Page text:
Giulio Potenza: A master speaks Young Artists Piano solo series for Roma Tre University.
Another remarkable concert in the series giving a platform to Young Pianists by the Roma Tre University in the Great Hall in via Ostiense in Rome.
Valerio Vicari,the enlightened artistic director has gathered together some of the finest young talents to demonstate in varied programmes the kaleidoscopic variety of the piano.
A few weeks ago it was “A Journey of Italian Keyboard Music” with Umberto Jacopo Laureti
Today it was the turn of Giulio Potenza with “A journey in the world of the 19th (and 20th!) century piano “
Ending with the mighty Appassionata but starting with some rarely heard works by Janacek,Grieg and Medtner.It was indeed a fascinating journey not least because we had a master guide this time too.
It is also interesting to note that these two Italian trained musicians received their Masters degrees from the Royal Academy and Trinity Laban in London.
Gabriele I know from when he was studying at the International Piano Academy in Como and made his Rome debut 20 years ago in the Teatro Ghione.
He has since gone on to be not only a duo partner with Martha Argerich but also a distinguished Professor at Trinity Laban in London.
Deniz Arman Gelenbe who was head of studies now dedicates herself more to her distinguished career as a chamber music musician.
So I was not suprised to find in the recital today many of the hallmarks of his illustrious mentors.
Above all a beautiful sound with infinite gradations that never allowed the tone to get hard due to his supreme sense of balance.
A very intelligent choice of programme in which each work seemed to lead into the next.
The sound at the end of the Janacek 1st Sonata(1905) “Smrt “(Death) ,reminiscent of Scriabin second sonata .
A supreme sense of colouring with the doubling of the melody and a very subtle use of the pedals to create a very particular atmosphere .
The opening movement “Predtucha” (Foreboding) where his extreme sense of balance and colour combined with a great sense of line and forward movement created so vividly this visionary atmosphere.
Two beautiful Lyric Pieces by Grieg so rarely played these days although both Rubinstein and Gilels were great admirers of these atmospheric pieces.
The “Notturno” op.54 n.4 was played with a beautifully flexible line and again his superb sense of balance created a magic that was crowned with the atmospheric bird song at the end.
The nostalgia of ”Vanished days op 57 n.1 where from a whisper we were transported to the sumptuous piano world of Rachmaninov which in turn led so beautifully to the “Sonata Reminiscenza in a minore” op 38 n.1 by Medtner.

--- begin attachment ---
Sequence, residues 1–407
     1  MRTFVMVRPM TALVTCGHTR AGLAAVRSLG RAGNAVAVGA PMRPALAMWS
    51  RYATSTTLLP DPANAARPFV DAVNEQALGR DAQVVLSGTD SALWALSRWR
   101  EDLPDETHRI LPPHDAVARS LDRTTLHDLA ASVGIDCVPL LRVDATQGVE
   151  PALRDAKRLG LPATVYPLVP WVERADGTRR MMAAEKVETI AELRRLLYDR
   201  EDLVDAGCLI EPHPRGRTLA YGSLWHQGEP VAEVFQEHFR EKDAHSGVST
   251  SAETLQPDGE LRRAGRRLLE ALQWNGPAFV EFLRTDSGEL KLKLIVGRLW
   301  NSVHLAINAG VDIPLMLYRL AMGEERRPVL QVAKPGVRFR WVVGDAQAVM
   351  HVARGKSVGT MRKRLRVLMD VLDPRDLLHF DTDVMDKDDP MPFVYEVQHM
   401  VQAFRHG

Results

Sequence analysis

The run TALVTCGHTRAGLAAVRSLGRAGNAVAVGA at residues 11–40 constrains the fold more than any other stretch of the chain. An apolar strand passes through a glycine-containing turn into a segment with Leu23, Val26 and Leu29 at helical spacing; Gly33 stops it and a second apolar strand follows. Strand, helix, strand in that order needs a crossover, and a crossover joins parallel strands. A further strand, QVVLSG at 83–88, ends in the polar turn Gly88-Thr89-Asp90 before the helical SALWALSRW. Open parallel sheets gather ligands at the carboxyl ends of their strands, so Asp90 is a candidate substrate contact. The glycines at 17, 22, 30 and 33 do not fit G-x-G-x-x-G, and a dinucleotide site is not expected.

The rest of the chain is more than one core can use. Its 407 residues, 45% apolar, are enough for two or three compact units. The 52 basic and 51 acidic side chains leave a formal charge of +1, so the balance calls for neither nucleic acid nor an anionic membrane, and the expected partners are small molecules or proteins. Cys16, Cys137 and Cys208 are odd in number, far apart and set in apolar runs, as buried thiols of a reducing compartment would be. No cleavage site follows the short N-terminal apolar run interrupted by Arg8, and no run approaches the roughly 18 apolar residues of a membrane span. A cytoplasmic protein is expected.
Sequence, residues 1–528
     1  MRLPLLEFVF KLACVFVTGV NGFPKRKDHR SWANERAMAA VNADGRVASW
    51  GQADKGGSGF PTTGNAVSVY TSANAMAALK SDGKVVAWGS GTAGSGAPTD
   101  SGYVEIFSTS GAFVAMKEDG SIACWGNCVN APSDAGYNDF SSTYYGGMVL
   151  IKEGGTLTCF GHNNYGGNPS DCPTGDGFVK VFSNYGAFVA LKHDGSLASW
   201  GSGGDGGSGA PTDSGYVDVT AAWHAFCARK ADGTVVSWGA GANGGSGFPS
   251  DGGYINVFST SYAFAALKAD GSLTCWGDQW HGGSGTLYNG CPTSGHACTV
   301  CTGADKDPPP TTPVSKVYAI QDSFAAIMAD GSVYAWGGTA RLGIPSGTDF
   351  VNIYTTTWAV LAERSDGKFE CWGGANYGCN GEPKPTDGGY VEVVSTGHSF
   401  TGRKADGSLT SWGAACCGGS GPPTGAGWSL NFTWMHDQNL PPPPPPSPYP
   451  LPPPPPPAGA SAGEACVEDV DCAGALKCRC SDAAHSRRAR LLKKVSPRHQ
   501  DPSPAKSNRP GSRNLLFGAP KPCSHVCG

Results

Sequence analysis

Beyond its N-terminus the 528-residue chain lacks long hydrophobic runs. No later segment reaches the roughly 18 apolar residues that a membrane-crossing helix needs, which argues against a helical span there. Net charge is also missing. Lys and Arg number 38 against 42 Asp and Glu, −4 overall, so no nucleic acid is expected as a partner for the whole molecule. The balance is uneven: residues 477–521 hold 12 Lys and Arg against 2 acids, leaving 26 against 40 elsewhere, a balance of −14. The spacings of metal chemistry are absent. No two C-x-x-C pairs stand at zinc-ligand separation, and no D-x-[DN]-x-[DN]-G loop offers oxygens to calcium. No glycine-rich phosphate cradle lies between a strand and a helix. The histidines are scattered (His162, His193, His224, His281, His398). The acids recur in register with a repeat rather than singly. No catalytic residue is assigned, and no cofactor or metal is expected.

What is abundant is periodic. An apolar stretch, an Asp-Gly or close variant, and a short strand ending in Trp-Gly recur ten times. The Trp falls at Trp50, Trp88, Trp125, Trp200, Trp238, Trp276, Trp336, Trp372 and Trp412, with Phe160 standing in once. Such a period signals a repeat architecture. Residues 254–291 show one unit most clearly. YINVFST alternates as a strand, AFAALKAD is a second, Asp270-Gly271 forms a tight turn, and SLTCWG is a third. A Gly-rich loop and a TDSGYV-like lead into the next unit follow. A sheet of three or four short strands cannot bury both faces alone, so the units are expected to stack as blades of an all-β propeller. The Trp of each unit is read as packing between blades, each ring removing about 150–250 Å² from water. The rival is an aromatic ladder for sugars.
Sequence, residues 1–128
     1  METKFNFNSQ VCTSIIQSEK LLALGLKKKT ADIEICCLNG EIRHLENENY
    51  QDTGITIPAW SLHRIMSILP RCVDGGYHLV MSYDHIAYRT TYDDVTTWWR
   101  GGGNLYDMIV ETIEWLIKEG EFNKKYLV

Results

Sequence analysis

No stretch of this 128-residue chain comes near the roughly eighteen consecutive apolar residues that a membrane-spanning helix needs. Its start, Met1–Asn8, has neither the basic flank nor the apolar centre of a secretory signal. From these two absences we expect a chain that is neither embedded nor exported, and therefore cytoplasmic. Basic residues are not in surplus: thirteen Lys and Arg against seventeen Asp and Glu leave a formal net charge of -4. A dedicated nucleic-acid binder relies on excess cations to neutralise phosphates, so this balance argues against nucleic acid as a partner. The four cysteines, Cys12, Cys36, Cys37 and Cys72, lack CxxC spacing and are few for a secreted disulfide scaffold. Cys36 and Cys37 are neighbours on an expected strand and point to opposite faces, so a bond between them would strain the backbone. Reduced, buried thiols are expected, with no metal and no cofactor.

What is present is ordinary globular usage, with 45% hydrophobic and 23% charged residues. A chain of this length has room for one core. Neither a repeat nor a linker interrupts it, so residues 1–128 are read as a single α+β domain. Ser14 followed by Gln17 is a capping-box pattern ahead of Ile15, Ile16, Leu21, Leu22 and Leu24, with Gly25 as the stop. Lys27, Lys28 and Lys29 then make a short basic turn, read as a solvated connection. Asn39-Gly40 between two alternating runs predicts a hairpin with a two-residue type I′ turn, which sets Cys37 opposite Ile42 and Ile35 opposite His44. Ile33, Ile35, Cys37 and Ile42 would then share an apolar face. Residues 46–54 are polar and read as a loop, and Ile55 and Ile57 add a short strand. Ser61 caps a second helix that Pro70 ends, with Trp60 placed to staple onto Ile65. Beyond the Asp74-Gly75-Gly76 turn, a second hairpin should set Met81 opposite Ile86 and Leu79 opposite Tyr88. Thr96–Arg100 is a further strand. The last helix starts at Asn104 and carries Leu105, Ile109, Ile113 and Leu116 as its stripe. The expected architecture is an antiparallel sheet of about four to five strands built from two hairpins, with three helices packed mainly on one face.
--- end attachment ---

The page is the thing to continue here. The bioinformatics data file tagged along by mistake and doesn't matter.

Medtner was a younger contemporary of Rachmaninov and Scriabin who came to live in London and is buried in Hendon Cemetery.
I remember hearing his pupil Edna Iles play in the Festival Hall in London.
This one movement sonata is one of his most poetic creations.Tinged with Russian nostalgia with such a subtle tenor melody line amidst streams of glistening sounds.
A real kaleidoscope of magical sounds.
After a short break we were taken into the completely different world of Beethoven with his “Appassionata” Sonata op 57.
Here we were immediately plunged into a performance of grandiose nobility.
A full symphonic sound where taught rhythms, clarity of melodic line,relentless sense of direction and scrupulous attention to Beethoven’s very precise markings gave a performance both dramatic and passionate.
Even Beethoven’s most original pedal indications were translated into sound on this modern instrument as a true artist should strive to do.
There was great weight too to the sound and nowhere more evident than in the Andante con moto that Agosti likened to a procession or corteo.Some extraordinarily beautiful sounds in the variations and great sense of always being anchored to the bass that allowed such sumptuous sounds elsewhere on the keyboard.
An Allegro ,ma non troppo taken at such an exciting pace.Maybe a little too fast to contrast fully with the Presto coda but played with such control and contrasts it had us on the edge of our seats until the final tumultuous outburst.
It was indeed a wildly exciting performance that as Giulio had said was inspired too by an audience that had been so attentive to every nuance.
One encore offered from Schumann’s Kinderscenen (Scenes of Childhood).
What better way to end than a magical performance of “Of Foreign Lands and Peoples.”